The value proposition of today’s retail property management firm – Part I – by Pliskin
Based on current research, strip shopping centers in the U.S. have been holding their own in 2015. The market is strong, but property managers and owners still face challenges in keeping spaces leased as a result of changing retail market dynamics and other causes, such as excess inventory, competition from online retailers, high profile bankruptcies, and the new demands of today’s shoppers. Staying ahead of these challenges requires the expertise and experience of a progressive, pro-active property management firm.
Excess Inventory, Online Shopping, Maintaining the Right Mix
Some retail property owners are feeling the effects of excess inventory resulting from the decline of major retailers. There were casualties across all sectors, including big names such as Blockbuster Video, Borders Books & Music, Circuit City, Linens & Things, CompUSA, KB Toys and more recently, Radio Shack and the Great Atlantic & Pacific Tea Company’s (A&P) Waldbaum’s, Pathmark and The Food Emporium Stores. Other large retailers, from Office Depot and Sears to Toy “R” Us and Barnes and Noble, have been closing stores; some in very large numbers. On a positive note, there has been growth in some sectors such as alternative grocery stores like Aldi’s, as well as Whole Foods, which have been consuming some of the inventory left behind.
Online shopping continues to take a bite out of brick and mortar centers. The latest projections by Forrester Research are for Internet retail sales in the U.S. to increase this year by 10%, climbing to $279 billion. With the onslaught of online marketing, mobile apps, e-coupons and e-alerts for special sales and promotions, online shopping is not expected to slow down any time soon.
In addition to addressing the excess inventory and stiff competition from online retailers, shopping centers still must grapple with the traditional needs associated with brick and mortar centers. These include: ensuring that the physical structure and building systems are in good condition; the center makes a strong, attractive impression from the road; there exists ample parking in safe, well-lit parking lots; there is a good mix of quality tenants to attract customers; and overhead costs are contained. It’s a tall order to fill that many owners – some focused on their primary profession or business and others simply looking to slow down and without an heir apparent to take over – do not want to manage directly. For these owners, a third-party, experienced retail property manager is invaluable. Leveraging insights, knowledge and resources, this professional can position a shopping center for its greatest success and return on investment.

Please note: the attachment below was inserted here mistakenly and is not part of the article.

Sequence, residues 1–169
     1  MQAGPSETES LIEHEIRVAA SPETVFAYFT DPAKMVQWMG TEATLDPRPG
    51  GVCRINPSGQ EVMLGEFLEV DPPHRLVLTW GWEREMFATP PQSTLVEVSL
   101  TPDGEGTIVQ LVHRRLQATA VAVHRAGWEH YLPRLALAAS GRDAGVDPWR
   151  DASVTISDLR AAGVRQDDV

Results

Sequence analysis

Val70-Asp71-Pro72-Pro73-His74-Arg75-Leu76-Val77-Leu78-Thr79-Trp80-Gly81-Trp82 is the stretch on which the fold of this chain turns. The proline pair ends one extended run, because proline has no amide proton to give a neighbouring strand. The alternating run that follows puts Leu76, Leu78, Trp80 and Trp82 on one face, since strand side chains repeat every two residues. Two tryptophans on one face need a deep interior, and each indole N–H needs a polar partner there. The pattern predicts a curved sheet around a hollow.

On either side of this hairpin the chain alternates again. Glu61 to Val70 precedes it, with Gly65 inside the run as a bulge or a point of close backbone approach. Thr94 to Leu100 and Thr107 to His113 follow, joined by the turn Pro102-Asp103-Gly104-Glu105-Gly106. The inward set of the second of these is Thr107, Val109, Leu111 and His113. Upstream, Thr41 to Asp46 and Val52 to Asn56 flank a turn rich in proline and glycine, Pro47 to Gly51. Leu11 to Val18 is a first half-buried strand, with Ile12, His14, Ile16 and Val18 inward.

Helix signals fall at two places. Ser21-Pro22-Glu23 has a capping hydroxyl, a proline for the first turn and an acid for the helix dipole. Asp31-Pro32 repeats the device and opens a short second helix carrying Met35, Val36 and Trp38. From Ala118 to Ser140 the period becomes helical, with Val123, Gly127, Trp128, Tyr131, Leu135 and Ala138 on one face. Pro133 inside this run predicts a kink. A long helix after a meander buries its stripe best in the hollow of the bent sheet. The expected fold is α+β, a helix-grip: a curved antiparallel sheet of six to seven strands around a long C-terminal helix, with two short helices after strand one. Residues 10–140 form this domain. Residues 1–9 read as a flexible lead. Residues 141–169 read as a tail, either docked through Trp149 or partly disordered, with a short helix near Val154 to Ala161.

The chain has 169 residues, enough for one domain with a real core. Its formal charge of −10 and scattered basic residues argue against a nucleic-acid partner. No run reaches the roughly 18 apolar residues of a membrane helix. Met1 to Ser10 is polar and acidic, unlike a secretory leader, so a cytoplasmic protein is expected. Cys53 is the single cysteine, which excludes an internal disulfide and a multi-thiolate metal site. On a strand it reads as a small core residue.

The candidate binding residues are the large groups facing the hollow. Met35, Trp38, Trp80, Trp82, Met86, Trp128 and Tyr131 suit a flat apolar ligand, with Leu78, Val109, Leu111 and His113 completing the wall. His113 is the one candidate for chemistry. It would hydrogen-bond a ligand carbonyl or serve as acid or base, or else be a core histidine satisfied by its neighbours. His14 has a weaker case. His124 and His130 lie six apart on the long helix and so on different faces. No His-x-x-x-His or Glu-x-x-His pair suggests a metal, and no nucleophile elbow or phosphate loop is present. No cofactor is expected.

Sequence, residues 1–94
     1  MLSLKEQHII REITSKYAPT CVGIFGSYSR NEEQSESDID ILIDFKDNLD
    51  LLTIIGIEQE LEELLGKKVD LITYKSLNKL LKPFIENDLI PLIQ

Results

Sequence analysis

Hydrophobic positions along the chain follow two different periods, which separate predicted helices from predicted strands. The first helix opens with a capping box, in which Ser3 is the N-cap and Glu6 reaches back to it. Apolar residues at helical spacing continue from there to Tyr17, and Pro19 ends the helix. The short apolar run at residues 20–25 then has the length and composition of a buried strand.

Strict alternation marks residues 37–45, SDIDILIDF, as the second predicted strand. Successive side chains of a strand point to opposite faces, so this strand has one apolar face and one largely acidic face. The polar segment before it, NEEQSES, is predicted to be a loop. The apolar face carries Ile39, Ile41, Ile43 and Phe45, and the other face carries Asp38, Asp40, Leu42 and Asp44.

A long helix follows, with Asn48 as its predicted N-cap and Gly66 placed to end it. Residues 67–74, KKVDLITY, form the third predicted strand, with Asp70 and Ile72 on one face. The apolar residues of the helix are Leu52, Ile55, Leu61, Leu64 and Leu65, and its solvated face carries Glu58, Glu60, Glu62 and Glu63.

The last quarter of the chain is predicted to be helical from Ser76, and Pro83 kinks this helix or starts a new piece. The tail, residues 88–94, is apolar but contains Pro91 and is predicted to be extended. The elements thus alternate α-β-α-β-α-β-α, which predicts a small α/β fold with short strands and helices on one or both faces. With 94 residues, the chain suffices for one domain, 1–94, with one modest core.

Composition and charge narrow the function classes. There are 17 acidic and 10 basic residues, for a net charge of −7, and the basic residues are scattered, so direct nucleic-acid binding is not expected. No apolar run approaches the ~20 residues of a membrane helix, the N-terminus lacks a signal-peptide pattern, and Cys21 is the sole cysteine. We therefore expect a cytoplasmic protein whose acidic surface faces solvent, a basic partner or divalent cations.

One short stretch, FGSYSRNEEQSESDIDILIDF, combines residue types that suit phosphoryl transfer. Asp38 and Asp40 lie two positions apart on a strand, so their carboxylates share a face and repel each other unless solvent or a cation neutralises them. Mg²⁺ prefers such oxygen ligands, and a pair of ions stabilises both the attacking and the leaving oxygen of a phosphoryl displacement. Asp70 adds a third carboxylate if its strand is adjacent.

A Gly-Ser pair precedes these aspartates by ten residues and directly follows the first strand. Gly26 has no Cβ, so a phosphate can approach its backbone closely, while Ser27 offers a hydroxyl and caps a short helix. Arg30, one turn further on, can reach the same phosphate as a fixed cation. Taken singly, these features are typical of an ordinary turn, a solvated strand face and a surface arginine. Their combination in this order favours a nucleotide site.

Optimizing Shopping Center Performance
Experienced property managers understand the nuances of the marketplace; not just the obvious trends. They know what it takes to maximize a shopping center’s performance and transform it from the outside in, so that it attracts new tenants and more customers. They know what strategies to suggest for luring the online shopper into their stores; strategies like creating the so-called “Apple” experience – engaging shoppers with creative in-store displays and ambience in ways in which an online or mobile smart phone experience could never compete.
Skilled property management professionals are in regular contact with the tenants of the centers they manage so they know when a tenant may be considering an expansion, downsizing,a relocation or retirement, and are prepared with other retailers to fill that space as soon as it becomes available. They know what it takes to attract all generations of shoppers, from Baby Boomers to Millennials. For example, surveys to determine what Millennials want from retail centers have found that they want: restaurants at various price points; lifestyle stores like hair/blow-dry salons, gyms or yoga studios; green grocers and specialty food shops; centers that demonstrate a tie to the local community through philanthropic activities and special holiday events; and a commitment to protecting the environment as evidenced by recycling cans, solar lighting and/or panels, and electric car charge stations.
Survey feedback from the Millennial and Baby Boomer generations also indicate they appreciate retail space that’s been “refreshed” with new paint, lighting fixtures, and eye-catching signage, displays and facades. Recommending a face-lift and/or perhaps a pop-up store, which enables a center to test a new tenant concept, are other strategies savvy property managers are using to boost the performance of their clients’ shopping centers.
Maintaining the right tenant mix, keeping a property in its best condition, understanding market trends and how to leverage them to attract customers, and minimizing vacancies and operating costs are ways that an experienced property management firm demonstrates its real value. Helping shopping center owners establish a strong brand and reputation for high quality properties, while protecting their investment and freeing them up to pursue other business or recreational interests also constitutes the property manager’s high value proposition.
Look for our next column in which we will discuss the property manager’s role in advancing high standard operating procedures that reduce expenses and minimize risks.
Jeffrey Pliskin, Esq., is the president & CEO of Pliskin Realty & Development, Inc., Garden City, N.Y.